Dr. Bonnie Urciuoli (B.A., Syracuse University; M.A., University of Chicago; Ph.D., University of Chicago) is the Leonard C. Ferguson Professor and Chair of Anthropology at Hamilton University, New York. Her areas of expertise are linguistic anthropology; social/cultural anthropology with an ethnographic focus;  U.S. public discourses of diversity; higher education in U.S.;  race, class and language ideology in U.S.;  and Puerto Rican bilingualism in New York City. Her interests are linguistic and cultural anthropology, specializing in public discourses of race, class and language, and particularly the discursive construction of diversity in U.S. higher education. Urciuoli’s book, Exposing Prejudice: Puerto Rican Experiences of Language, Race, and Class, was awarded the 1997 Gustavus Myers Center Award for the study of human rights in North America. She has published in American Ethnologist, Language and Communication and the Journal of Linguistic Anthropology.

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– See more at: http://www.gc.cuny.edu/Page-Elements/Academics-Research-Centers-Initiatives/Doctoral-Programs/Hispanic-and-Luso-Brazilian-Literatures-and-Languages/Program-Events/Annual-Students-Conference#sthash.uDHVdf3P.dpuf

Charla sobre Sociolingüística: Latin@identity in Latin hip hop online

GC Linguistics Ph.D. / M.A. Program

Sociolinguistics Lunch Lecture Series

Spring 2016


Speaker:
 Matthew Garley – York College / CUNY

 

Title: Choutouts: Language contact and Latin@ identity in Latin hip hop online        

Abstract: Hispanic or Latin@ Americans feature prominently in many long-standing and continuing sociopolitical debates about immigration, assimilation, and culture, and the Latin hip hop community presents a particularly complex and controversial image. At the same time, this subculture provides a unique window into language contact and repertoires of language mixing and code-switching. This study investigates the use and mixture of Spanish and English varieties in Latin hip hop lyrics alongside language production in community interaction in new media, focusing on YouTube video comments. I examine the use of English and Spanish varieties in Latin hip hop in terms of both lyrics and community reaction/discussion of artists’ linguistic choices. Building on Cutler’s (2012) research on Chicano hip hop videos and comments, this qualitative analysis reveals further complexities of regional ties and demographic differences in the US-Latin@ community, identity performance, and authenticity through language use in Latin hip hop.

Date:    Friday, February 26th

Time:    2pm-4pm

Room:   9207

Join us for refreshments after the lecture

ALL Welcome!

Ph.D. / M.A. Program in Linguistics, CUNY Graduate Center 365 Fifth Ave, New York 10016

 Phone: 212-817-8500. Email: linguistics@gc.cuny.edu website: www.gc.cuny.edu/linguistics

Conversaciones con escritores en el Graduate Center

Ayer, 15 de octubre, tuvimos una maravillosa conversación con el escritor chileno, Alejandro Zambra, autor de Bonsai, La vida privada de los árboles y Mis documentos, entre otros.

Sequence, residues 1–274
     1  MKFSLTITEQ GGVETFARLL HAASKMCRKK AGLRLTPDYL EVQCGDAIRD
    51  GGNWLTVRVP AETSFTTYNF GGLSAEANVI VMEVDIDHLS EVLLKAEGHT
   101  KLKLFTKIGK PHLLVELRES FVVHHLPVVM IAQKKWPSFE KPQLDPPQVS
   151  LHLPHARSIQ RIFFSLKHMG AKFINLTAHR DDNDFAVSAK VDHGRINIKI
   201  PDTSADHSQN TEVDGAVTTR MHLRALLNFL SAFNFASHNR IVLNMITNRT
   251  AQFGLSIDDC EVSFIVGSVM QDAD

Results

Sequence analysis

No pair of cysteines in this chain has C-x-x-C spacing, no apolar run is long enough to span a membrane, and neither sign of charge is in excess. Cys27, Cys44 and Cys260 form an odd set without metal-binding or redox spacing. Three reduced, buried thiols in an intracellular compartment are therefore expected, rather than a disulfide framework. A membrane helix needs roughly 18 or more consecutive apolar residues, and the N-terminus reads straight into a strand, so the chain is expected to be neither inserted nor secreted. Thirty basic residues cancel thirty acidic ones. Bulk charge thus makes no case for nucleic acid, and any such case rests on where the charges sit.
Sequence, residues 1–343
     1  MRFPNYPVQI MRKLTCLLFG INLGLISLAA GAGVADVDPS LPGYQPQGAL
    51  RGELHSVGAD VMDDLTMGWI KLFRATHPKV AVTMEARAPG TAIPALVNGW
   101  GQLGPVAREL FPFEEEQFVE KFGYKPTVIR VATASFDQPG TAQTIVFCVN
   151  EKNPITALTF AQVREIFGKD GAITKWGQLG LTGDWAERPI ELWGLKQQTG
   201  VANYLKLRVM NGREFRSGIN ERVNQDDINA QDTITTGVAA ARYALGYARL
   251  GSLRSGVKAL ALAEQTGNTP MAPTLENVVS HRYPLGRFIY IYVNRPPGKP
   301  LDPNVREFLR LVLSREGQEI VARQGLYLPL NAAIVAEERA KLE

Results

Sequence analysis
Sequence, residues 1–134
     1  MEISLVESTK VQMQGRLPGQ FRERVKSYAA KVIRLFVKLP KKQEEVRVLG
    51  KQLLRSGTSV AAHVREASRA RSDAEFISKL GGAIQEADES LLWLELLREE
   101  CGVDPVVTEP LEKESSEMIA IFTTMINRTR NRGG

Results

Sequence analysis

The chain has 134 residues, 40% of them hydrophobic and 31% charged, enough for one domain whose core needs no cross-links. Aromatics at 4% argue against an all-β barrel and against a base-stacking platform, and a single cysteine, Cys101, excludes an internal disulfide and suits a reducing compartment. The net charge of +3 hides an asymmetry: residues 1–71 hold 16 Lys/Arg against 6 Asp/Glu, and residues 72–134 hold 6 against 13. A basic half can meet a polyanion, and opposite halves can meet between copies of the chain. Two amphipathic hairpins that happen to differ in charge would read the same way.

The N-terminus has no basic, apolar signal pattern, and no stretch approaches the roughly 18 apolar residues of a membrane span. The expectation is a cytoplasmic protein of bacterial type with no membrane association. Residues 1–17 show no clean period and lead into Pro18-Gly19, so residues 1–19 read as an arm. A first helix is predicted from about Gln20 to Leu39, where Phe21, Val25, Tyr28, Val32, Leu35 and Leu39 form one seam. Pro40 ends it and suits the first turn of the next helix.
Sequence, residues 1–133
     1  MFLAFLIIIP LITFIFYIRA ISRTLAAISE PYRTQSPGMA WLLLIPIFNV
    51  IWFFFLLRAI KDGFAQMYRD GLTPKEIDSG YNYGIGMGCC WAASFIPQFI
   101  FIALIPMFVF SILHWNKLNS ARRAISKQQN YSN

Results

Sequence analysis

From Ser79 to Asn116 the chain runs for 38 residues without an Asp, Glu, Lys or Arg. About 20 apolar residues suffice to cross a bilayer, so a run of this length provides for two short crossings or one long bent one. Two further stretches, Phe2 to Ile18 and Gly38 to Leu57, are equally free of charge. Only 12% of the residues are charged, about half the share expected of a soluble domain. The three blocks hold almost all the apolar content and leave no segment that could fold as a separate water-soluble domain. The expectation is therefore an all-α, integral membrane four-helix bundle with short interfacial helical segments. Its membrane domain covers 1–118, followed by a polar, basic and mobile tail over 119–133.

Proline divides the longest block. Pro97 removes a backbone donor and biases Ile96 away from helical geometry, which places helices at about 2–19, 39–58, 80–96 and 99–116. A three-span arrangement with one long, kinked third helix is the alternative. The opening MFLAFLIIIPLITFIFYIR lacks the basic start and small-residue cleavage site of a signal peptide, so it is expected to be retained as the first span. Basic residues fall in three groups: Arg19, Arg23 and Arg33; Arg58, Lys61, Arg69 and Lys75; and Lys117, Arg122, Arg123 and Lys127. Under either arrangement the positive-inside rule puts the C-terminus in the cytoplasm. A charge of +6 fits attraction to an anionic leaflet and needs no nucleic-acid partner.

La serie de presentaciones literarias continúa este otoño. En nuestro siguiente evento conversaremos con dos poetas españoles:

SPANISH POETS MEDEL ACERETE

Detroit’s black and Latino LGBTQ communities

Professor of Gender Studies and American Studies at Indiana University, Marlon M. Bailey presents his rich first-person performance ethnography and memoir of dance, dress, and vogue ballroom competitions in Detroit’s black and Latino LGBTQ communities. By sharing his stories and experiences, Bailey demonstrates the ways such cultural formations are spaces of resistance that disrupt dominant notions of gender, sexuality, and community, and create alternative kinship structures.

butchqueens

Marlon M. Bailey, Professor of Gender Studies and American Studies at Indiana University. Professor Bailey’s book, Butch Queens Up in Pumps: Gender, Performance, and Ballroom Culture in Detroit, a performance ethnography of Ballroom culture, was published by the University of Michigan Press in 2013. Butch Queens Up in Pumps won the Alan Bray Memorial Book Prize from the GL/Q Caucus at the Modern Language Association (MLA) and was a finalist for the Lambda Literary Book Award in LGBT studies. Dr. Bailey has published essays in Feminist Studies, Souls, The Journal of Gay and Lesbian Social Services, AIDS Patient Care & STDs, LGBT Health, and in several book collections. Marlon’s essay “Engendering Space: Ballroom Culture and the Spatial Practice of Possibility in Detroit” appears in the Themed Issue for which he is also the co-editor, entitled “Gender and Sexual Geographies of Blackness” in Gender, Place, and Culture: The Journal of Feminist Geography.Bailey is also an accomplished actor, director, and performance artist. He has performed at professional theatres in San Francisco, Washington DC, Louisville, Minneapolis, and Detroit. He most recently performed a piece based on his new research entitled, “Exploring Black Queer Sex, Love, and Life in the Age of AIDS,” at the University of Texas, Austin. Professor Bailey is also a Visiting Professor at the Center for AIDS Prevention Studies, in the Department of Medicine, at the University of California, San Francisco. Marlon holds a PhD in African American Studies with a designated emphasis in Gender, Women, and Sexuality from the University of California-Berkeley. Dr. Bailey is also on the Board of Directors of Brothers United, a Black gay HIV/AIDS prevention agency in Indianapolis. He is also a member of the Black Sexual Economies Working Group.

Para conseguir entradas:

http://www.clags.org/event/butch-queens-up-in-pumps-gender-performance-and-ballroom-culture-in-detroit/